That was the backend of the sip. Seeing as apparently I’m doing it backwards today, we shall proceed to the more middle flavours. There’s something vaguely fruity about it. Kuanyin suggested melons, and I agree with that. The more I sip, the more I try to focus on it, the more I become convinced that melon is probably the nearest we can come. Those round yellow ones with the funny net-like sort of peel and greenish yellow on the inside. That’s the image I’m getting. I don’t know what they’re called other than ‘melons’. I’m not a melon-recognition expert.
The front part af the sip, the very first encounter with flavour here is something floral, but discreetly so. It’s just there for a flash and then we have the fruit and the caramel-y aftertaste.
Floral, melon, caramel. You wouldn’t really thing these three aspects would work so well together, would you? How extraordinary that it turns out they SO do.
Once again, Shang Tea has not let me down. If you get the opportunity, I would strongly advice giving this one ago. It’s just wonderful.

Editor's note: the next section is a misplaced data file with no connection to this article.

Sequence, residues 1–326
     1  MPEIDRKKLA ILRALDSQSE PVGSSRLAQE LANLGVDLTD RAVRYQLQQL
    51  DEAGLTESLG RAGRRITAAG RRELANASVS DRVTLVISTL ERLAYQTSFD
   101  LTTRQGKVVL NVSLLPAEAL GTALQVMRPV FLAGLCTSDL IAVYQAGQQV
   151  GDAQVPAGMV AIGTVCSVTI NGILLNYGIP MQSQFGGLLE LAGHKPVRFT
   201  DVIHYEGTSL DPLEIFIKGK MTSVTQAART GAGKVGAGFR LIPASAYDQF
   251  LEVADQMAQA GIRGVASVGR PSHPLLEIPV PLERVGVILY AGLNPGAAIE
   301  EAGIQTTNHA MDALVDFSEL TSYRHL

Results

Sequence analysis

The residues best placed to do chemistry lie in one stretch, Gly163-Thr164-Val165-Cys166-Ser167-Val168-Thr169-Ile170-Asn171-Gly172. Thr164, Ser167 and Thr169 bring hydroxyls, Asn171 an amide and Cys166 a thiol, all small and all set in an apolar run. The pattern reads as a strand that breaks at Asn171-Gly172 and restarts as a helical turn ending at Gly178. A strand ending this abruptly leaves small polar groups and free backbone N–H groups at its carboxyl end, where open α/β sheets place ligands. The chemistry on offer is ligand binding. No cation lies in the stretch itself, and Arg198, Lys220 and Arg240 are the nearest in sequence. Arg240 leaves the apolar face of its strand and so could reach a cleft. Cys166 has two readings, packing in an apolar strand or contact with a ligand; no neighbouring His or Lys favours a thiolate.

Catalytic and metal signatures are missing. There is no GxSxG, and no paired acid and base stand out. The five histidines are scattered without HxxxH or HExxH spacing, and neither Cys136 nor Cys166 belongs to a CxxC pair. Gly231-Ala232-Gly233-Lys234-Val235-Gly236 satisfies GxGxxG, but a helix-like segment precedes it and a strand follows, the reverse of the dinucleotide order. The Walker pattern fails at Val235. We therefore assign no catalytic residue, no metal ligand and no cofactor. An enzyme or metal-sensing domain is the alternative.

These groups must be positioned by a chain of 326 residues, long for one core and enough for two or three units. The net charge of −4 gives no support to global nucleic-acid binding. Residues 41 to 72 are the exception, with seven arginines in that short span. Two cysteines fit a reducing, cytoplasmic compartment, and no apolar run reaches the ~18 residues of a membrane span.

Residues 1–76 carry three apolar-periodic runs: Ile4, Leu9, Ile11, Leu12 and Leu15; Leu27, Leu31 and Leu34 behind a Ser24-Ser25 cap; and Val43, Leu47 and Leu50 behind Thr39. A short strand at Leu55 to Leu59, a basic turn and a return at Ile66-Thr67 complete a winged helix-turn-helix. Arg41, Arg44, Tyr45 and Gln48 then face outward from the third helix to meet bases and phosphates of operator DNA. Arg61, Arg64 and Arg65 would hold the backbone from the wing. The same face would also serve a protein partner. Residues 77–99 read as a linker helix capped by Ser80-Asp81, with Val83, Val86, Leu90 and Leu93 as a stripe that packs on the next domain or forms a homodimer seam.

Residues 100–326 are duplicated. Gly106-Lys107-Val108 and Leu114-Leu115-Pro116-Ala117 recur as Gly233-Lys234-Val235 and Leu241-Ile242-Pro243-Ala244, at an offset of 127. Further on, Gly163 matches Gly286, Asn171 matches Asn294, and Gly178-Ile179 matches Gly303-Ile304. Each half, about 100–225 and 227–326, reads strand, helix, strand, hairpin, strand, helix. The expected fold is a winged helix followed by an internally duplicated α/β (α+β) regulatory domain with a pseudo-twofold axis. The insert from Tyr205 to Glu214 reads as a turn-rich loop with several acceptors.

But that aroma! Gosh, I wish I actually had me a creme brulee now…
I’ve had this one before and found it quite pleasant. QuiltGuppy included it in my recent package, so I’m reunited and all that. I couldn’t remember anything about it though, so I went back and read my previous post about it. Had a bit of a laugh as it seems I wrote that one shortly after the time I cut my finger quite badly and had to try and cope with nine-finger typing for a while. I remember it as having gone better than that. O.o
Anyway, back then I described it as being somewhat two-faced; one part Darjeeling-y and one part Assam-y, with the chasm between them never quite bridged, and gave it 80 points. Let’s see if I’m in agreement with myself.
There’s definitely nothing two-faced about the aroma. It’s thick and honeyed, but with a strong floral/spicy aspect to it. Again the former from the Assam-y part, the latter from the Darjeeling-y part. However, they seem quite well meshed here, each complimenting the other, and the strength and honey-notes are taming the Darjeeling-esque grasssy spicyness that I normally don’t care for quite well.